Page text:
Renters, Advocates and Legislative Champions Call for Tenant Protections

From Rochester to Coon Rapids, from Brooklyn Center to the West Side of Saint Paul, renters are coming together to identify common concerns — and play a central role in solving Minnesota’s housing crisis. But that expertise and solidarity is threatened by outdated state laws that allow landlords and developers to undermine organizing efforts, unjustly evict tenants and discriminate against Minnesotans because of where they come from or how they pay their rent. 

At the capitol on Wednesday, renters, advocates and state lawmakers called for the swift passage of policies that will balance the scales for tenants rights and bring Minnesota in line with the rest of the nation. Organized by the Equity in Place (EIP) coalition, speakers emphasized the importance of advancing EIP’s 2024 State Policy Priorities before the March 22 committee deadline.

“In 2023, state lawmakers passed critical protections for tenants — but more needs to be done,” said Juan Luis Rivera-Reyes, coalition organizer at The Alliance, which convenes the Equity in Place coalition. “That’s why we’re here today: to call on legislators to prioritize policies that give renters the fundamental right to choose where they live, stay where they are, and come together as neighbors to make sure their housing is safe, dignified and reliable.”

Tenant Right to Organize [HF 2704 / SF 3201] would provide guarantees to tenants, non-resident organizers, and advocates to defend renters’ rights to dignified, well-maintained housing without facing retaliation and displacement. “Many of my neighbors and friends are immigrants from the East African community, who moved to Minnesota to escape civil war,” said Jean Flores, a Native American grandmother and renter in an affordable housing community in Spring Lake. “As a tenant leader, I know this community is especially afraid of retaliation, as they see what happens to their neighbors who are actively organizing and they are afraid of losing their new life in Minnesota. Having an affirmative tenant right to organize would support the multi-cultural organizing and relationships that make our lives better and our communities stronger.”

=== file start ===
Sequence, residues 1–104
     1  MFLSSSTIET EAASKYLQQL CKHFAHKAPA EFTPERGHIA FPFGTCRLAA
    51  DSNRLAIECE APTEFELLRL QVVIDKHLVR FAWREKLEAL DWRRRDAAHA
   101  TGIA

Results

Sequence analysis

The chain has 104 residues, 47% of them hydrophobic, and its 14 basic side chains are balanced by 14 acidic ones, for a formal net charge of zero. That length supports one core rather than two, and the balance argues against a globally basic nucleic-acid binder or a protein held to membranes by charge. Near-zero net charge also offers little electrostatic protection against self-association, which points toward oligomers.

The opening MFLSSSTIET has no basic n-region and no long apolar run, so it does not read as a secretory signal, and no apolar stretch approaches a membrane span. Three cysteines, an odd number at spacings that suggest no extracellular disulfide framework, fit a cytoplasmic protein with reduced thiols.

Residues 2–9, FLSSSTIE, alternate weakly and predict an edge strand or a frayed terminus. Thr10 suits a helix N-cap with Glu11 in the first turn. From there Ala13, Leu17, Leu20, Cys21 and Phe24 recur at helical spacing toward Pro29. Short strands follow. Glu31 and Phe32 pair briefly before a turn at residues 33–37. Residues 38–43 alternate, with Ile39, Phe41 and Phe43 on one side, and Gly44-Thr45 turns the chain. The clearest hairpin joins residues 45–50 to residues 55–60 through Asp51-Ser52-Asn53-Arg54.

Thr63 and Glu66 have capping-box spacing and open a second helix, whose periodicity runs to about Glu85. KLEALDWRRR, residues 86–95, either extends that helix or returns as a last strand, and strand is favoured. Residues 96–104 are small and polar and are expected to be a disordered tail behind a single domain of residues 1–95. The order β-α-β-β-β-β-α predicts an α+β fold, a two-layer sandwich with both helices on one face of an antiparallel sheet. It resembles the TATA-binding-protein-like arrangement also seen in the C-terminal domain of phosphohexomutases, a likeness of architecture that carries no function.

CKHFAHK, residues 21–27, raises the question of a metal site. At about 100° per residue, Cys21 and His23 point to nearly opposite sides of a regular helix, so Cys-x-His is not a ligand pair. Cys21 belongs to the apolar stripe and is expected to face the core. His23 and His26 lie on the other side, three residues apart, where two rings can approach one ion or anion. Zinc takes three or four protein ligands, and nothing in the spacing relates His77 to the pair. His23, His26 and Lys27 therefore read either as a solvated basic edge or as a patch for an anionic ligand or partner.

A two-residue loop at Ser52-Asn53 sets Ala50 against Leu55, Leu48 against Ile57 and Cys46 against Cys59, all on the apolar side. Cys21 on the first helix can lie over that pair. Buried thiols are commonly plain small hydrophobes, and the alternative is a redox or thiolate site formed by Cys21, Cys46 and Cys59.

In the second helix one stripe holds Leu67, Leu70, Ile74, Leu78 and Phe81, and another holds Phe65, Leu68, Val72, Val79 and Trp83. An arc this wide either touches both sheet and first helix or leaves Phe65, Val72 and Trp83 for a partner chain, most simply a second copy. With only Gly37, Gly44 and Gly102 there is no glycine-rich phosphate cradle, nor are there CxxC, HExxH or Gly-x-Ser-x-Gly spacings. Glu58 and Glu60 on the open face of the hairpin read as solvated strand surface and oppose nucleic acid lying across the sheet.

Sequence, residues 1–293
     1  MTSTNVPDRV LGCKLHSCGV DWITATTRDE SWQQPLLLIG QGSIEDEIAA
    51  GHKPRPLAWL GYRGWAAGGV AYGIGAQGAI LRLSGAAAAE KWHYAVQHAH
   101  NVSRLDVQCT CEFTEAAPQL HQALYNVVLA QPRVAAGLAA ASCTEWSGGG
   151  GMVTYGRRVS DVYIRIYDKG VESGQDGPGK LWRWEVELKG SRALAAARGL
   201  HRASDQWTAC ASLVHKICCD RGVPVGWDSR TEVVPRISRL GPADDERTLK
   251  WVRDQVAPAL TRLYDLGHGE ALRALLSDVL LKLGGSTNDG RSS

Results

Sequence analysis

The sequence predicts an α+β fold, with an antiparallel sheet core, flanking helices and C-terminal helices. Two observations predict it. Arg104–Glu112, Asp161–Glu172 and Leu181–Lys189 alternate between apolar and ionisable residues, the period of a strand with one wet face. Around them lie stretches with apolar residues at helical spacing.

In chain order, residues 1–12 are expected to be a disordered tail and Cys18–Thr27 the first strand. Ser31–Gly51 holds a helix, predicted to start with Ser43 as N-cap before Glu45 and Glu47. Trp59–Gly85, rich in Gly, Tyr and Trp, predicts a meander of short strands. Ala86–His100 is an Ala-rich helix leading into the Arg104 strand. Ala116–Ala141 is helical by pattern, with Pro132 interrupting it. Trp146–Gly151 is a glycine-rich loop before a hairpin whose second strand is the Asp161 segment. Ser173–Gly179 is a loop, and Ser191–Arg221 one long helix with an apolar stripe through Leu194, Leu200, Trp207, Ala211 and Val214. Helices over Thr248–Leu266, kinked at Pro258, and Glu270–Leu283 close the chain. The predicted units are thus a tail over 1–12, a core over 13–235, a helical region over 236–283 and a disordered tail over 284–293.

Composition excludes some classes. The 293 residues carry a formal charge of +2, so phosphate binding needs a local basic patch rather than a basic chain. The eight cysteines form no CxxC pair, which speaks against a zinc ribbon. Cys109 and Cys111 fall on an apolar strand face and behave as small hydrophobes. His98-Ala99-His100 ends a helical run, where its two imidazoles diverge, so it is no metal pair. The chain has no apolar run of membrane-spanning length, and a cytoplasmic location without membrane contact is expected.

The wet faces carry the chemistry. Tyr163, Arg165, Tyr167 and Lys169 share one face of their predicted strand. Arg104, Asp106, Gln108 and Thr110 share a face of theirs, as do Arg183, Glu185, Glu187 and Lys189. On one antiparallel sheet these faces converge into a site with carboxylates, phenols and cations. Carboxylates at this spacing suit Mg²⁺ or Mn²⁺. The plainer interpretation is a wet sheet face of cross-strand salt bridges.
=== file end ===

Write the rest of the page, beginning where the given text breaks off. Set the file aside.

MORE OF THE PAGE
Just Cause eviction protections [HF 4440] would ensure landlords can only evict renters and non-renew leases for specific reasons, preventing tenants from arbitrary, retaliatory, or discriminatory evictions and non-renewals. “I am honored to be here as a tenant and community advocate to highlight the importance of balancing the scales when it comes to the landlord and tenant relationship,” said Marian Butler, a tenant leader with African Career, Education and Resource Inc (pictured below). “It’s critically important that there be a legal process that landlords must follow in filing evictions. The process needed to be fair, just and equitable to both landlords and tenants.”